California is on fire.

Again.

I’m a sad witness to its tragic incandescence.

It is burning up and down this long, tall beautiful state.

Northern California, Central California, Southern California, Wine Country, seaside colonies, hillside shires, mountain hamlets, high deserts, tourist villages, a glance across the updated fire map online and the scene is reminiscent of the painful images of the last many years.

I look at the statistics. Almost 200,000 acres have burned in California in this year alone.

Yes, California is on fire.

Again.

It is crackling, rustling, hissing, roaring, sizzling, gasping, aching.

Fire can be a terrifyingly beautiful image. The captivatingly powerful hideousness of hillsides flaming in gloriously vibrant hues. Teeming with the intensity of thousands of licking tongues in tangerine, ochre, amber, bronze, or cider, pumpkin, honey and apricot, strikingly captivating against the India ink midnight sky presenting as a canvas of carnage, enthralling to watch for its grotesquely annihilating power.

But the enthralling richness of those eye-searing colors is a vivid portrait of utter devastation.

Fire an unrepentant destroyer.

Have you ever been trapped by fire?

It is a terror of unimaginable proportion.

When everything around you is aflame the entire vision scape before you blurs into a visage harkening to the inferno of Dante’s nightmare world, inescapable, unrelenting, damning. Burning bits, like furnace shot shrapnel flies about you, seemingly flung by some malevolent force, winding around you as if ensnaring you.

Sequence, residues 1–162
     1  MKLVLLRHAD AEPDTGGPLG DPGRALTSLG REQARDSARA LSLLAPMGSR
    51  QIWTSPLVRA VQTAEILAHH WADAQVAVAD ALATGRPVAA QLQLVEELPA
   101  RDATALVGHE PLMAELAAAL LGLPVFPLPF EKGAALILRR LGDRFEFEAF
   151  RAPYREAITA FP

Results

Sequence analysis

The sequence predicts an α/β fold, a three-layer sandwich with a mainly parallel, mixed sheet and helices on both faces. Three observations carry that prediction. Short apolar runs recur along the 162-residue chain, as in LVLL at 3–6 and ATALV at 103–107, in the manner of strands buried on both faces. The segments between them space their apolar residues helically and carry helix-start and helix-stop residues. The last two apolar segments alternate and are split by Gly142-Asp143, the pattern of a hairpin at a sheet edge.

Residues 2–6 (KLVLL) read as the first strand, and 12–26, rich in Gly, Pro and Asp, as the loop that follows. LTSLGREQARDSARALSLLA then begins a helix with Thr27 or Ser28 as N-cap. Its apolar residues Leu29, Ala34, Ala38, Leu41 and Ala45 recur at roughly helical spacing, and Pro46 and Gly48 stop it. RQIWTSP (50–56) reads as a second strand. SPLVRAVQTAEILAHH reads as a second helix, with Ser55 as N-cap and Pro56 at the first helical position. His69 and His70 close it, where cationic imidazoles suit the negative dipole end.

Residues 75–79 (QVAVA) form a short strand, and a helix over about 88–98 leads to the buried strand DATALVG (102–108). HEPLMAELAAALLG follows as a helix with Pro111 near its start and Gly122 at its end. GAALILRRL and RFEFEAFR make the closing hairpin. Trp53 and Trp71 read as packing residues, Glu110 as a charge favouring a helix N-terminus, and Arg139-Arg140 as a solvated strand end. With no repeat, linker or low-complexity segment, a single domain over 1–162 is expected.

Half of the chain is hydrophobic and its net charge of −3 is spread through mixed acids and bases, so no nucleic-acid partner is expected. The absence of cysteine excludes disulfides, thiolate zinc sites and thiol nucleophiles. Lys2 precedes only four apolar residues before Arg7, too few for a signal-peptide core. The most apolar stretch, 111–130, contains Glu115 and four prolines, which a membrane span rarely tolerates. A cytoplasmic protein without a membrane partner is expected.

Once fire begins its rapid, teasing, frenetically taunting dance around you, closing in on you with sinister aggression, trapping you, sucking all the oxygen, crippling your ability to breathe, to think, to flee, peril turns to panic, panic to paralysis.

A whooshing, breathing, crackling, popping, roaring, deafening specter tormenting you at every turn. It whips you with blistering winds seeming to wrap around you, a frightening cloak of scorching embers. Everything everywhere you look begins to drip with falling flames. They whisk all around you, mocking you, nicking you, searing you, daring you to try to get away.

Realizing you are trapped, surrounded, encaged in a blazing pyre you are filled to your brim with a panic so raw it shears away something you may not have even realized you had, a pretense of invulnerability.

Suddenly you become the animal you are, the animal we all are.

You’ll give anything to escape, anything to find safety, anything to see the path to freedom, anything to survive.

Fire steals your logic.

Fire taunts you, like a cat toys with a mouse.

Your every move feels like another route toward prayerful safety or primitive fright.

Fire crazes you.

Homes, farms, businesses, wineries, livelihoods – lives.

Wildfire is just one of many perils climate change brings to bear on the places we occupy.

Everyone is dependent on real estate in one way or another.